27 October 2016

Racial Bias on Juries

Last session the U.S. Supreme Court tackled the issue of racial discrimination in the selection process of juries. This session the Court will face questions about how to deal with racial discrimination among members of the jury itself. Kenneth Jost over at the Jost on Justice Blog provides a nice summary of the case:
Miguel Angelo Peña Rodriguez was convicted in 2007 of groping two teenaged sisters in a darkened bathroom at a Colorado race track. The evidence in the brief trial consisted of little more than the girls’ identification — first in a roadside “showup” and then in court. The defense lawyer challenged the identification on a variety of well recognized grounds. Peña denied the accusation and was backed up by a fellow Hispanic who said the two were together in one of the race track’s barns at the time of the offense.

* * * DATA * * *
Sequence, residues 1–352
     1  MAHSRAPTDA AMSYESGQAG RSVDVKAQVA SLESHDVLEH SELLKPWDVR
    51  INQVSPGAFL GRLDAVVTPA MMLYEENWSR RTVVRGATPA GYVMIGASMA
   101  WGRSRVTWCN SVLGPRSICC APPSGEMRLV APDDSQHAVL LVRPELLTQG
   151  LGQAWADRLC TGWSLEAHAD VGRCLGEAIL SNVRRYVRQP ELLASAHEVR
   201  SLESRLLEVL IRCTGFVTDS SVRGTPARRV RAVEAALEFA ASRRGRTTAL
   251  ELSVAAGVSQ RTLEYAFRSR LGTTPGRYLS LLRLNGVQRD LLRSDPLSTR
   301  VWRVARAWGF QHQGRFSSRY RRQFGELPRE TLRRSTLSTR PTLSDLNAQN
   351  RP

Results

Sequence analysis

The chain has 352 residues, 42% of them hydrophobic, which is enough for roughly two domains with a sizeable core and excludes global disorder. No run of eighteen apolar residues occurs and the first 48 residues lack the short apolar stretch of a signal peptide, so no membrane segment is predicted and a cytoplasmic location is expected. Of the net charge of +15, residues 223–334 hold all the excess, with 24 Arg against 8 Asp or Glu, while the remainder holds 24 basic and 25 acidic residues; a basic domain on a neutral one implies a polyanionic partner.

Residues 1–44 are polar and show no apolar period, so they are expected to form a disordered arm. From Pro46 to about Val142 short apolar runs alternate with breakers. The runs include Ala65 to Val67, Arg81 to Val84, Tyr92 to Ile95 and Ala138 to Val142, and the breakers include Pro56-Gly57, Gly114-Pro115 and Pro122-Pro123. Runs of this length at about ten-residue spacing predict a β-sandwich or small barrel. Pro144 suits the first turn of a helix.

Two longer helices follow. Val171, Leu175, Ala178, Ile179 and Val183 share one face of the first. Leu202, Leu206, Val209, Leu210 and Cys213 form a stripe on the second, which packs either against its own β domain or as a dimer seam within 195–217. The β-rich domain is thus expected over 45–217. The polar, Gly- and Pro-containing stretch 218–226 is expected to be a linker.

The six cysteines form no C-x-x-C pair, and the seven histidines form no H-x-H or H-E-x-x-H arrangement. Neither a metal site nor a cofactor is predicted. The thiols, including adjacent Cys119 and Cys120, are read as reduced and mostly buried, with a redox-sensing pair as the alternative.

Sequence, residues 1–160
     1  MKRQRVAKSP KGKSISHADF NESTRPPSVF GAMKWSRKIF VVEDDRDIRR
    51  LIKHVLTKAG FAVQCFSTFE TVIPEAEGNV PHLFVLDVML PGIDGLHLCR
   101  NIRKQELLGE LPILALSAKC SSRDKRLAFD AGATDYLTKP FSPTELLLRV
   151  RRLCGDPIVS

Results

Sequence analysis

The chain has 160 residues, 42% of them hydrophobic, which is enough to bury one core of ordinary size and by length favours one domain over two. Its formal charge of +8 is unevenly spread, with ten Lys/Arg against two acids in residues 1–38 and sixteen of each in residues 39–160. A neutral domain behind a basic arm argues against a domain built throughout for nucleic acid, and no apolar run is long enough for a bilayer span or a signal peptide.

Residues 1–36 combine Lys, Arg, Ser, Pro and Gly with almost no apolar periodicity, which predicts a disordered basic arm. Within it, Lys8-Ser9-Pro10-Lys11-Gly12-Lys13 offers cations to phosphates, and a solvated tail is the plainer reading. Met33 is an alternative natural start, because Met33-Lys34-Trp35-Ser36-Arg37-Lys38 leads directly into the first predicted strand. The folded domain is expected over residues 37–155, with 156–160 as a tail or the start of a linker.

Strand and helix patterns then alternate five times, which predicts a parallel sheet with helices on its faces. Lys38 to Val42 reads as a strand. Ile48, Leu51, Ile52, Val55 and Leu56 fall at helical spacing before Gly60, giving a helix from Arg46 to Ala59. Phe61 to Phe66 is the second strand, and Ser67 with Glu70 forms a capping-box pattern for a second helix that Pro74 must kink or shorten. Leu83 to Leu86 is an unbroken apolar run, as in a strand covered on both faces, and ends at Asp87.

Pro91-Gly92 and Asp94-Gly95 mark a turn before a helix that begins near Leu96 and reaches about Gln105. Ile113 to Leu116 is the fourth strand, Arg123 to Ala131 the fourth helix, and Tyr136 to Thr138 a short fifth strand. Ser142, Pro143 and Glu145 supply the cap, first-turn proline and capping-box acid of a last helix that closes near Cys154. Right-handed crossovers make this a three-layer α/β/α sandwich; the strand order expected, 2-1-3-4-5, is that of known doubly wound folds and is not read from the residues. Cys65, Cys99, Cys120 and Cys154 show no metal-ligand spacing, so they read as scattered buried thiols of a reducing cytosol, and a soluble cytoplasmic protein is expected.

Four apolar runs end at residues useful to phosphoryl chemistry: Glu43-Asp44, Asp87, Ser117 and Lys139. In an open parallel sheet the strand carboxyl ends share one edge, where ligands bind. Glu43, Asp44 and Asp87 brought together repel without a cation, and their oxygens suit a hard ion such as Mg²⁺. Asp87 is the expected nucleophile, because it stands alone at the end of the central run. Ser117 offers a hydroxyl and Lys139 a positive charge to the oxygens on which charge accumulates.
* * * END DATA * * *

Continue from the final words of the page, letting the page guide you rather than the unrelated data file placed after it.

The jury deliberated for 12 hours before convicting Peña of three misdemeanor counts but acquitting him of a more serious felony charge. In juror interviews after the verdict, his lawyer gathered affidavits from two members of the jury that one of the jurors had made a number of blatantly racist statements during deliberations about Peña and his alibi witness. None of the jurors had volunteered any racial prejudices during jury selection.
Reuters has more about how the Justices reacted to this case during oral arguments earlier this month.

24 October 2016

The Interactive Constitution

Readers of this blog will know or soon come to know that one of my favorite websites is the one published by the National Constitution Center. Not only is the site a wealth of information run by an important and worthwhile organization, it also provides people interested in the U.S. Constitution with tools to help them understand the history and meaning of the text. For at least a portion of my students this semester, getting a grip on the meaning of this text will be critical to performing sufficiently in class. As a study aid for my U.S. Constitutional Law courses students can do no better than download the Interactive Constitution app from the National Constitutional Center's website. Many of my lecture slides now link to content found in the interactive constitution. Having it handy on your "Handy" will make understanding what we discuss in class a whole lot easier.